by Lee Letwin:
When we arrived at Clark’s Landing Marina at 6:30 AM, the wind was blowing from the west and we knew we were not going to the Algol, 20 miles offshore. Captain Dan Bartone of the Independence II figured the Pinta was a better choice.
Leaving Manasquan Inlet and heading north, the seas were surprisingly calm but after only 15 minutes we started to get beat up and decided to turn around and head south back to the wreck of the Delaware. The Delaware was built in Philadelphia. She was built as a freighter but during the Spanish -American War was refitted to carry passengers as most of the passenger liners were being used to carry troops. In July of 1898 she left her berth on the East River and was heading to Charleston and Jacksonville. Ten miles out to sea and east of Barnegat she caught fire. All 66 crew and passengers got off safely and were rescued. The wreck, burnt to the waterline, sank two miles offshore just south of Point Pleasant while being towed back to New York by a salvage tug.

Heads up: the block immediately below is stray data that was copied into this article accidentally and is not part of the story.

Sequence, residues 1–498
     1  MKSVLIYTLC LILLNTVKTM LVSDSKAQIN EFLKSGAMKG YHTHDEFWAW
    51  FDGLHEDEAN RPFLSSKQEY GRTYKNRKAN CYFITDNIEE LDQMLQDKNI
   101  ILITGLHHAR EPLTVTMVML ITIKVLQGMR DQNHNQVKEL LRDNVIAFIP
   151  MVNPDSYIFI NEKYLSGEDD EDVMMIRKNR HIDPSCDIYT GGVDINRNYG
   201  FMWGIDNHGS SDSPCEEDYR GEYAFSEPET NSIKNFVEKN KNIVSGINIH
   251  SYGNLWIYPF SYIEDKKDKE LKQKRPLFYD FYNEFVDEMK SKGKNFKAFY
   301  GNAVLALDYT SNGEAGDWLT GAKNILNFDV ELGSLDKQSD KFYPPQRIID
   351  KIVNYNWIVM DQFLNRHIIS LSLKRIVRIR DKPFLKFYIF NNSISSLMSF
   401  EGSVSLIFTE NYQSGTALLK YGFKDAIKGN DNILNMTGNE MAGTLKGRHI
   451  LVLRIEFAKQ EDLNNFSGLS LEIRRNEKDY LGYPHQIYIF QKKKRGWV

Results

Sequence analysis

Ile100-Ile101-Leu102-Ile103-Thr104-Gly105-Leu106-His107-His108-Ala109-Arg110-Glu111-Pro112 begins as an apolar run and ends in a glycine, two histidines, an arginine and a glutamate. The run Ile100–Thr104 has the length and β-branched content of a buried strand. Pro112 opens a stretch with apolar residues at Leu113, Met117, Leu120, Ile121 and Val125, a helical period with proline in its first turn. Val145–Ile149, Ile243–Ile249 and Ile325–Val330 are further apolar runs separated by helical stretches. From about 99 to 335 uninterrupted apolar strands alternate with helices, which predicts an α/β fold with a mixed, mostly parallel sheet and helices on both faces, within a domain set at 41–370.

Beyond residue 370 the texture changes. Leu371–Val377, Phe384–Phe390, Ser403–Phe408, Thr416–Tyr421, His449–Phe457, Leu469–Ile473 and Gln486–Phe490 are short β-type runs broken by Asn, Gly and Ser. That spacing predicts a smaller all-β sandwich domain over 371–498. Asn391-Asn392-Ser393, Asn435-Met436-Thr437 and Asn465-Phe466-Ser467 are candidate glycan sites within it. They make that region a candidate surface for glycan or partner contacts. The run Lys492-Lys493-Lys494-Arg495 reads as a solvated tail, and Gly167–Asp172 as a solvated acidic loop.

All the divers aboard the Independence II did two dives on the Delaware and we all had a great day on the water despite difficult conditions. Our crew included Captain Dan, with Dave Oldham and Bill Trent working as crew. Dave tied us into the wreck wrapping the chain on the shot line solidly around a huge chunk of metal at the bow section of the wreck. There was little chance of pulling off the wreck with Dave’s tie-in despite the conditions. In fact, Captain Dan sent a line to a second dive boat that showed up after us (the advantage of us being on a fast dive boat) and the two boats held tight. Bill Trent played host to everyone and prepared lunch, which was provided as always by Adventure Scuba.
While unloading our gear we talked to the crew of another dive boat docked at the same marina. They had tied into a barge, did one dive and during their surface interval while being tossed about in the waves their anchor line parted. At that point they called it a day.